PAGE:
This disconnect was made even clearer when we asked respondents what percentage of students they thought were purchasing prescribed textbooks.
It was not possible to draw a meaningful statistic from our data because the answers ranged from 0-100%. (Although, academics working in hard-pure disciplines did express a more realistic view of how many students were purchasing the textbook).
Academic perceptions of library textbook services & lockdowns
We were also interested in academic perceptions of tertiary libraries’ textbook services. Academics reported offering prescribed textbook alternatives such as requesting academic libraries put textbooks in high use collections, requesting academic libraries purchase textbooks, or recommending earlier editions. Interestingly, a number of respondents distinguished between getting an e-version and asking the library to purchase a textbook, suggesting academics don’t equate the library purchasing copies of textbooks with the library purchasing e-textbooks.
Furthermore, survey respondents almost always took price for students into account in textbook selection, but almost 60% of respondents reported rarely or never taking into account the price for the library. Given the financial pressures academic libraries face with textbook provision, we believe this finding indicates a need for academic libraries to be open and honest with academics about how the commercial textbook market is changing.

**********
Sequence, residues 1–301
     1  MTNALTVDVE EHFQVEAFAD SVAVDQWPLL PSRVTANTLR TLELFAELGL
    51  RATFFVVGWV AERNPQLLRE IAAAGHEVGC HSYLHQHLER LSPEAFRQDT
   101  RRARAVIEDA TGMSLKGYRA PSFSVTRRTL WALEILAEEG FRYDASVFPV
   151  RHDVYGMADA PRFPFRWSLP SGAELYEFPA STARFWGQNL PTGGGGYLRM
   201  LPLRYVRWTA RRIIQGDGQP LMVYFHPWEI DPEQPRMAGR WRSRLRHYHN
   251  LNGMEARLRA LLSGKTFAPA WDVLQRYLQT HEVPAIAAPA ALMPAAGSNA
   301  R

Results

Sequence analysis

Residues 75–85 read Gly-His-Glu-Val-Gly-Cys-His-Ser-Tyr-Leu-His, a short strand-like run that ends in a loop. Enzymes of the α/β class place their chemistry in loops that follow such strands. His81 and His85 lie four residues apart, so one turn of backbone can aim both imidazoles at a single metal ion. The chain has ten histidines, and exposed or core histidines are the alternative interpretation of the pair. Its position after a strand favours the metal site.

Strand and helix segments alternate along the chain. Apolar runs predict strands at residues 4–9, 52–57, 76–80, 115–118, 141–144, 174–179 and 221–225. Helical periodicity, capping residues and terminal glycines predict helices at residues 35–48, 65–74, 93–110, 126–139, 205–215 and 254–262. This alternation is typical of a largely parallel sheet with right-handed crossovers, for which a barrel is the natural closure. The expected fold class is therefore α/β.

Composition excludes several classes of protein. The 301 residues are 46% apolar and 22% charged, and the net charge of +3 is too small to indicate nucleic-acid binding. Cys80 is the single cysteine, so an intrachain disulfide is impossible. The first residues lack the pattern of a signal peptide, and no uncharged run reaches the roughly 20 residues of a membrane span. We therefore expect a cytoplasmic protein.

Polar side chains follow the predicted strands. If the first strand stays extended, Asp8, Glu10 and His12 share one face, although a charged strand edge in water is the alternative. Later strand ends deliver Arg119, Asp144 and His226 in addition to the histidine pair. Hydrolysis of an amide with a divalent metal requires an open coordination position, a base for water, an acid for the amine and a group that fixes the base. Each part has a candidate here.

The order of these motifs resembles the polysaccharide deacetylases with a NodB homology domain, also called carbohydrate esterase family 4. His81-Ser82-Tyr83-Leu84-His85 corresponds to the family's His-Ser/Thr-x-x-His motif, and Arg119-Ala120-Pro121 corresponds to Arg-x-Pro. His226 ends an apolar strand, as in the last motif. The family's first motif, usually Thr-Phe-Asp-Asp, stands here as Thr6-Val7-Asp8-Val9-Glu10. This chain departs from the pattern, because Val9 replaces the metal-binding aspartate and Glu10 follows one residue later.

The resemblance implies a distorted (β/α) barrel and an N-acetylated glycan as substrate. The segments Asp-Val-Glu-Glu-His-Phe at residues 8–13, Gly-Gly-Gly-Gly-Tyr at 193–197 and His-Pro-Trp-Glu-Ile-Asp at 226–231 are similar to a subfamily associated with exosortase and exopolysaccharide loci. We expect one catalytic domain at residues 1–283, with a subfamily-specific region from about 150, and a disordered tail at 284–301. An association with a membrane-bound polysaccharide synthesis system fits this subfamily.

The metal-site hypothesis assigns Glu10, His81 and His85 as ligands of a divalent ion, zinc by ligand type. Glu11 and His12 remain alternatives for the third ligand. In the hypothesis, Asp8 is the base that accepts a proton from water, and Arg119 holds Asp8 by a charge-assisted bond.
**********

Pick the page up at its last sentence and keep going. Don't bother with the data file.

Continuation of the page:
Libraries also need to communicate the pedagogical implications for academics of these changing models – both in terms of their own workload and the implications for student success. Academics reported on their experiences in lockdown in our survey, with around 20% sharing that textbook access became a significant issue when teaching moved online. Accordingly, they reported that an electronic format was an increasingly important factor in textbook selection. If academic libraries do not take the lead in talking about textbook practices and promoting viable e-textbooks models, such as adopting, adapting or creating open textbooks, the move to e-textbooks will only increase the financial pressure on libraries.
The way forward
Our survey confirmed that, by and large, tertiary educators in Aotearoa New Zealand are prescribing and using textbooks under the assumptions of the traditional print textbook model. The evidence suggests while they are aware of student perspectives, they do not materially grasp how these traditional textbook practices no longer align with the textbook publishing market, affecting students, academic libraries and, increasingly, their own pedagogical practices.
Academic libraries must lead in this space to ensure equity for students and maintain their role as information experts on campus.